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Obituaries in the News

September 29, 2004

Christl Cranz-Borchers

OBERSTAUFEN, Germany (AP) _ Two-time Olympic gold medal skier Christl Cranz-Borchers has died. She was 90.

Cranz died Tuesday in her home village in the Bavarian Alps, German ski authorities said Wednesday. Her health had been poor since she fell down the stairs shortly before her birthday on July 1.

Cranz won 12 world titles and three silver medals, along with two golds at the 1936 Olympics, and is known for one of the sport’s most famous comebacks in the alpine combined.

She fell during the downhill and was in sixth place _ 19 seconds behind leader Laila Schou-Nielsen _ but charged back in two slalom races to win the gold. She remains Germany’s most-decorated women’s skier.


Gardner Botsford

NEW YORK (AP) _ Gardner Botsford, a longtime editor at The New Yorker magazine who was considered instrumental in shaping its style, died Monday of bone marrow disease in Manhattan. He was 87.

Over a 40-year career that spanned the magazine’s most influential years, Botsford edited work from writers ranging from A.J. Liebling to Roger Angell and later, his wife, author Janet Malcolm. Under the editorship of William Shawn, Botsford was considered one of the magazine’s most powerful voices.

Born in 1917 in New York, Botsford was raised in Manhattan’s high society as the son of heiress Ruth Gardner and journalist and advertising executive Alfred Miller Botsford. When his parents divorced, his mother married Raoul Fleishmann, whose family financed The New Yorker.

After leaving Yale University, Botsford got a job at The New Yorker as a reporter, but was fired by editor Harold Ross, who told him to get newspaper experience.

Botsford went on to the Jacksonville (Fla.) Journal, and in 1942, rejoined The New Yorker. He retired from the magazine in 1982.


Scott Muni

NEW YORK (AP) _ Disc jockey Scott Muni, the gravelly voiced radio host whose encyclopedic knowledge of rock ‘n’ roll made him ``The Professor″ to three generations of New York listeners, died Tuesday. He was 74.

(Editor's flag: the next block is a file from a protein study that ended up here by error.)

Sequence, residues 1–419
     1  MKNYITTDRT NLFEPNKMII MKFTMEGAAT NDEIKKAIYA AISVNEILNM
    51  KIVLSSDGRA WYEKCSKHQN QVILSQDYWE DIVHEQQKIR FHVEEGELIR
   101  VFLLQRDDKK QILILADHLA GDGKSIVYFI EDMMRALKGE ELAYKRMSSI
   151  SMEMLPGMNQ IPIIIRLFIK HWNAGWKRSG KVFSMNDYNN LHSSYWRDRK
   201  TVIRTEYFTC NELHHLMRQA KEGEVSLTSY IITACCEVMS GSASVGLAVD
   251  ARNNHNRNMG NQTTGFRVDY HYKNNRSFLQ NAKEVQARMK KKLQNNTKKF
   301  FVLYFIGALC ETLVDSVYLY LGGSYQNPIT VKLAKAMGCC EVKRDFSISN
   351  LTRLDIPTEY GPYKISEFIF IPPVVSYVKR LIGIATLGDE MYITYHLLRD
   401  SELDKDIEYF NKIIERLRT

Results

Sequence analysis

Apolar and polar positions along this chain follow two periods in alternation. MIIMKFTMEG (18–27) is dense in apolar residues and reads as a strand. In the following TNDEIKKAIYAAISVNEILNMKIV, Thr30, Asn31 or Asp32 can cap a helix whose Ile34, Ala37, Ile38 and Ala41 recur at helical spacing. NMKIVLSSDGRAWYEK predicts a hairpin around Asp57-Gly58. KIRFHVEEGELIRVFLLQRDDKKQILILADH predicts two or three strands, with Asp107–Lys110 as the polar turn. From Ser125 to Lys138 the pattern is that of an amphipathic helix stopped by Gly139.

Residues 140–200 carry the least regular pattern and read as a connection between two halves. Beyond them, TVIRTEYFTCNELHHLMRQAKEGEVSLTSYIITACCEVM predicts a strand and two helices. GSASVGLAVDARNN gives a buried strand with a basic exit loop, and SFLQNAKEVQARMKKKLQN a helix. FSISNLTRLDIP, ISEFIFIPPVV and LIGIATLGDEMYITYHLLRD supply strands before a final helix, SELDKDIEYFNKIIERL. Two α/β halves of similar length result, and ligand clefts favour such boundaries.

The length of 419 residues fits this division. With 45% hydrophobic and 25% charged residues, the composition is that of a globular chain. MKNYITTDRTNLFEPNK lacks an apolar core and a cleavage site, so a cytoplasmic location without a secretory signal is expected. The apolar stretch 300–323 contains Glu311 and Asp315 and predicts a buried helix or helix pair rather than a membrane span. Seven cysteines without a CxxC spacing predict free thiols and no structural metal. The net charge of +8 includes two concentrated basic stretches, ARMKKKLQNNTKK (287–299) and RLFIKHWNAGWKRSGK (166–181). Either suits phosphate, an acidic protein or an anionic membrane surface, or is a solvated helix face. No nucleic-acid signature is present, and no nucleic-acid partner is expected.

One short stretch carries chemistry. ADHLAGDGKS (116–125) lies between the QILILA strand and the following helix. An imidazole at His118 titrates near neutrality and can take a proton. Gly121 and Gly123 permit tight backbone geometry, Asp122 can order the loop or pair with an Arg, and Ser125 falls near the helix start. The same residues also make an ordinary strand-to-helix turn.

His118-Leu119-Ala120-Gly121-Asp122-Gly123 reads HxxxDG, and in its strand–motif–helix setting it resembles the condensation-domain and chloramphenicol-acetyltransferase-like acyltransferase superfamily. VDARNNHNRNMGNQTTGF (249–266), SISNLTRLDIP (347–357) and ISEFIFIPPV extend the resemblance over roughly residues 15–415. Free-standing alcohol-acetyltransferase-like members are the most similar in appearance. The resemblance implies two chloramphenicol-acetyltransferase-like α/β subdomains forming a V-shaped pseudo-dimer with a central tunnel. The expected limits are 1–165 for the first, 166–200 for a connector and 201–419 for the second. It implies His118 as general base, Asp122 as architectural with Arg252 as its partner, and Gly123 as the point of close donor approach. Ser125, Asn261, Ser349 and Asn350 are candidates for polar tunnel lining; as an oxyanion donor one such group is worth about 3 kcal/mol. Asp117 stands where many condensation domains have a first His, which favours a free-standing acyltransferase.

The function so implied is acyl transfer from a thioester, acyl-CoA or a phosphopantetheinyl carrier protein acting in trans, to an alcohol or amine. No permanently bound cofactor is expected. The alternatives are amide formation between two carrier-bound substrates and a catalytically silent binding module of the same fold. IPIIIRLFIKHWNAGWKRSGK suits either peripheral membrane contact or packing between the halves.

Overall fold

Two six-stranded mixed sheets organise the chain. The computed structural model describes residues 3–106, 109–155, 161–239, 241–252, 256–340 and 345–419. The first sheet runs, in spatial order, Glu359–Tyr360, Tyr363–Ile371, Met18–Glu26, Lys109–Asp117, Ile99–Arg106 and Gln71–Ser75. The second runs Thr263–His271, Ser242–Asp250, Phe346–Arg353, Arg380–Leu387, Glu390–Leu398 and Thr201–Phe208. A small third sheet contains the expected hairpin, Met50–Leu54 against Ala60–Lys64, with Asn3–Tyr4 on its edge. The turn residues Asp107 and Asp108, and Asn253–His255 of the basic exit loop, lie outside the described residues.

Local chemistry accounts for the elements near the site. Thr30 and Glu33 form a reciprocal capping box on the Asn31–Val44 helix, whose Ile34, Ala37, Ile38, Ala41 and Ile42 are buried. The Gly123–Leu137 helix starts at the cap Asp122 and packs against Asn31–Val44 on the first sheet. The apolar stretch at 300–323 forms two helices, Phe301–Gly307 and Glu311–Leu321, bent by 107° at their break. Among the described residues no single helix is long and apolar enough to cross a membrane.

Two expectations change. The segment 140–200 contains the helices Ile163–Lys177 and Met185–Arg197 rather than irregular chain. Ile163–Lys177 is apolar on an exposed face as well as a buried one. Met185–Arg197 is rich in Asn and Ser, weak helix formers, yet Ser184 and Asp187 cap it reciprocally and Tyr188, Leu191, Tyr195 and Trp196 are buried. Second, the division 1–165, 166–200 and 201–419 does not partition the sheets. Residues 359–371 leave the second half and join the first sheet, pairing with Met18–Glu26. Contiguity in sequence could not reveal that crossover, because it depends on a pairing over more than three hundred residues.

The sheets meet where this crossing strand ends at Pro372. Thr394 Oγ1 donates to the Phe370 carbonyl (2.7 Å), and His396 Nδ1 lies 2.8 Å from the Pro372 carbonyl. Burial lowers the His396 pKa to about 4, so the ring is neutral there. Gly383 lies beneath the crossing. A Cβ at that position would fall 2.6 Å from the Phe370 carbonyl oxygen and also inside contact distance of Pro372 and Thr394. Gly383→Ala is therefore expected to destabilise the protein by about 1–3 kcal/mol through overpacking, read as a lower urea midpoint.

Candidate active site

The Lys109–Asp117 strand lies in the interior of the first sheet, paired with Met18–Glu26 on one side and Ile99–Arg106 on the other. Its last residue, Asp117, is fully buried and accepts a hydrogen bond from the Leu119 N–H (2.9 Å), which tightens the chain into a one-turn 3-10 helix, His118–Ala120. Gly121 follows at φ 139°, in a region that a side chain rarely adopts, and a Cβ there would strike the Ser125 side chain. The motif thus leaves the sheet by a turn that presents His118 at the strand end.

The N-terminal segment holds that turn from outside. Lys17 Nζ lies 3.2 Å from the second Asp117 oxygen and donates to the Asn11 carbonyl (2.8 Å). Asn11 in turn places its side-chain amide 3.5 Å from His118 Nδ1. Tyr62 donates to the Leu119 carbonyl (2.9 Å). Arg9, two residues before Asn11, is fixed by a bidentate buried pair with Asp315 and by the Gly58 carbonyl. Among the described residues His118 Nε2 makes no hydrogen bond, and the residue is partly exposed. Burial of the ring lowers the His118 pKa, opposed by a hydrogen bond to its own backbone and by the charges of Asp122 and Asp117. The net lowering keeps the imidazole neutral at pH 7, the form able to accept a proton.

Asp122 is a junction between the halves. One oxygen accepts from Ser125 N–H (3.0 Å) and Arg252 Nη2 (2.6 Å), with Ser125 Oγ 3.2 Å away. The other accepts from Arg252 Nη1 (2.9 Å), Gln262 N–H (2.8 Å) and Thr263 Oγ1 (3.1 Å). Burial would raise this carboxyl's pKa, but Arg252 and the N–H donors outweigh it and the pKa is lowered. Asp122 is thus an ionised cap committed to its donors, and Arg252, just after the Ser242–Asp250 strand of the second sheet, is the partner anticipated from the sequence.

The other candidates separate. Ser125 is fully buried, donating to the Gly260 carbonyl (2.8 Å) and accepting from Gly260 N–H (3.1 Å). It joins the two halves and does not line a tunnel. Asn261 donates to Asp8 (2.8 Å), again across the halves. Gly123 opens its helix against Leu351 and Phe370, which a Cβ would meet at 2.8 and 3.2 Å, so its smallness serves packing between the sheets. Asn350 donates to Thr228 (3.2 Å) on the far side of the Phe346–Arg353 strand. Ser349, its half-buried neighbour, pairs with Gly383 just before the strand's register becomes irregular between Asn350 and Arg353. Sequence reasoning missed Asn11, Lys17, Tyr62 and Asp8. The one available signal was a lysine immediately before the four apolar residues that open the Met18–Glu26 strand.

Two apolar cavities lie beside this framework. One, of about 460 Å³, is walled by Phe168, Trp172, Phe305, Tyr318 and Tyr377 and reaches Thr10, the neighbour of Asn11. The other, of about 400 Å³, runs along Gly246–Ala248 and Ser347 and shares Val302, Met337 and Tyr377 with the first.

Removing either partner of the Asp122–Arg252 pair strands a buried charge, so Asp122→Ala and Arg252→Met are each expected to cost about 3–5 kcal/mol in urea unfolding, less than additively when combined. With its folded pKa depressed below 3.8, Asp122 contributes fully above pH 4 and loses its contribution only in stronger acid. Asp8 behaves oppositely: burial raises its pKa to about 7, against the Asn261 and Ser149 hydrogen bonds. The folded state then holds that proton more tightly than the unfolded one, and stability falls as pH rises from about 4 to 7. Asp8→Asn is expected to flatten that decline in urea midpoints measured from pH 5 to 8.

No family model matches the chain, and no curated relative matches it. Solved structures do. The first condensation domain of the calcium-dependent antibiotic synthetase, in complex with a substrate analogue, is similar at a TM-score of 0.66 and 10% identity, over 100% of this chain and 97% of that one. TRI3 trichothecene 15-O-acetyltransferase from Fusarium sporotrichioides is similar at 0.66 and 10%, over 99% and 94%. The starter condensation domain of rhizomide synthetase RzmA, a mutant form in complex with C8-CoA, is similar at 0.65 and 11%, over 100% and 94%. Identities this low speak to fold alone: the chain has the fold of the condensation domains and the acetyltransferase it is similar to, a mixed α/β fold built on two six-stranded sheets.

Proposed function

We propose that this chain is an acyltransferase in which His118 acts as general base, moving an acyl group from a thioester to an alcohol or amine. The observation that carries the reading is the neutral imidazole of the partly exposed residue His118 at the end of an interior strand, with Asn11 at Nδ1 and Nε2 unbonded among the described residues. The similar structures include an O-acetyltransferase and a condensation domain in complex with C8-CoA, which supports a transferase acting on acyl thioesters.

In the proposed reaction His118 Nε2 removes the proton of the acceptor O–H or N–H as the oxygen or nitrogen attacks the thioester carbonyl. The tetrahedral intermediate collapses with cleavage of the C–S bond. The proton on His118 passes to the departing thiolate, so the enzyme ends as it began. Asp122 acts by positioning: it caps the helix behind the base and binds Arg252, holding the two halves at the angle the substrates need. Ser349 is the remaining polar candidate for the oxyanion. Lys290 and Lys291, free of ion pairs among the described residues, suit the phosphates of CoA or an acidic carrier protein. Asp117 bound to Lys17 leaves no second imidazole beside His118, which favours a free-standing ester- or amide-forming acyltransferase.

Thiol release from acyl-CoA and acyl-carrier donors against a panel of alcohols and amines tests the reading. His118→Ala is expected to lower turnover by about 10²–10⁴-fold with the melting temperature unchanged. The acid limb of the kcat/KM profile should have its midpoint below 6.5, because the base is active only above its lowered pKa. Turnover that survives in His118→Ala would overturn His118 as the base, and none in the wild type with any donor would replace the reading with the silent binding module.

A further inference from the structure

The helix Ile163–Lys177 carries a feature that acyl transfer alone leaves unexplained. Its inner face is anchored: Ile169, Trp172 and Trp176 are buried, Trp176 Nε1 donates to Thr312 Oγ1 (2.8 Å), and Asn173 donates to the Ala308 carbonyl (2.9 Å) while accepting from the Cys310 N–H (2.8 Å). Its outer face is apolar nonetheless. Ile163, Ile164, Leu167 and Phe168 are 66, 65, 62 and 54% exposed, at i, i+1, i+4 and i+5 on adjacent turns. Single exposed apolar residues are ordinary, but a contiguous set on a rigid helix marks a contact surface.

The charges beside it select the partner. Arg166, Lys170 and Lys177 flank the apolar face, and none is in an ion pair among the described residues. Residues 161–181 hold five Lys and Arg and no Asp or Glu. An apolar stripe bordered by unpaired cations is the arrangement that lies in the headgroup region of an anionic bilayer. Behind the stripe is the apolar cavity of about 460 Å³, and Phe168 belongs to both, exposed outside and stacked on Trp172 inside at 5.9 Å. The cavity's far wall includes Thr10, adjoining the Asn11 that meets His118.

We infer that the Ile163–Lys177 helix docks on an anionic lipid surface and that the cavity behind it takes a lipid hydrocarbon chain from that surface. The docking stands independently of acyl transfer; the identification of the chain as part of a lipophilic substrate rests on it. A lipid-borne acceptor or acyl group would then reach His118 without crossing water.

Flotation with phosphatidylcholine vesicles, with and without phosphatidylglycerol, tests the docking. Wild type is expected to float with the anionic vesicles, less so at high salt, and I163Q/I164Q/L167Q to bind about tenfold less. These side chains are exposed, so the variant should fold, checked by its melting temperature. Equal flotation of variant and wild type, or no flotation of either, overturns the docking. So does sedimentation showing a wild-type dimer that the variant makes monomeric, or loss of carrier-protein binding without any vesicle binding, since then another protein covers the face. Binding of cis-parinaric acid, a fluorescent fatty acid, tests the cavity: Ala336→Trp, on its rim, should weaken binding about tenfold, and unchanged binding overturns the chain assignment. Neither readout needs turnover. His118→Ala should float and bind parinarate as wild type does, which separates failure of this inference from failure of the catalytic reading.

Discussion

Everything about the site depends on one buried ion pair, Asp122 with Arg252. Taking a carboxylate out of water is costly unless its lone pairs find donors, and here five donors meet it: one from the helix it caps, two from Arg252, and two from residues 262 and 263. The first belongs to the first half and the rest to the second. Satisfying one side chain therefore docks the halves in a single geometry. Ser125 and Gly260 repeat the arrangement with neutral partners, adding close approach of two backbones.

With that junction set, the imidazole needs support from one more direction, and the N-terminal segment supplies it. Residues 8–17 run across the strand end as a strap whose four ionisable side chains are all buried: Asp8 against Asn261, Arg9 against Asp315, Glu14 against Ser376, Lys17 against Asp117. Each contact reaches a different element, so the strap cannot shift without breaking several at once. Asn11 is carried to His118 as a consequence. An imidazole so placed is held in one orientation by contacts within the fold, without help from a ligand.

Muni, who spent nearly 50 years on air in the nation’s No. 1 radio market, suffered a stroke earlier this year. But the cause of his death was not immediately known, said Josefa Paganuzzi, spokeswoman for Clear Channel New York.

Muni most recently had an hour-long afternoon show on New York classic rock station Q104.3, where he landed in 1998. He also hosted many nationally syndicated programs during his career, including ``Scott Muni’s World of Rock″ and the Beatles-oriented ``Ticket to Ride.″

He was included in an exhibit on radio personalities at the Rock and Roll Hall of Fame in Cleveland.

Known to his listeners as ``The Professor″ or ``Scottso,″ Muni was renowned for his interviews with artists such as Paul McCartney, Mick Jagger, Pete Townsend and Bruce Springsteen.

Muni was born in Wichita, Kan., and raised in New Orleans. His broadcasting career started in the Marines. He could be heard on Radio Guam reading ``Dear John″ letters sent to his fellow servicemen.

Besides his radio work, Muni asked, ``How do you spell relief?″ in a Rolaids commercial.


Christer Pettersson

STOCKHOLM, Sweden (AP) _ Christer Pettersson, a petty criminal who was convicted and later acquitted in the 1986 assassination of Prime Minister Olof Palme, died Wednesday, leaving unsolved the slaying that has haunted Sweden for nearly two decades. Pettersson was 57.

Pettersson, who had a history of substance abuse, died of a brain hemorrhage and organ failure, said Inger Rosell, a spokeswoman for Karolinska Hospital.

Pettersson had been in a coma since Sept. 16, when he underwent emergency surgery for head injuries, and never regained consciousness. The cause of the injuries was unclear.

He was the only person ever brought to trial for the Feb. 28, 1986, slaying of Palme, the charismatic leader who was gunned down as he walked home from a movie theater with his wife.

The murder of Palme, who protested the Vietnam war, battled apartheid in South Africa and tried to mediate an end to the 1980-88 Iran-Iraq war, shocked Sweden and cast doubts on its cherished image as an oasis of tranquility and nonviolence, where even the prime minister could stroll through the capital without bodyguards.

Pettersson was picked out from a police lineup by Palme’s wife, Lisbet. Although police never found the pistol used to kill the 59-year-old politician, Pettersson was convicted and sentenced to life in prison in 1988.

The next year, he was acquitted after an appeals court cited a lack of evidence, including the murder weapon. The court also questioned Lisbet’s accuracy in picking him out.

Despite the acquittal, Pettersson confessed in an interview to shooting Palme, but later retracted the statement.

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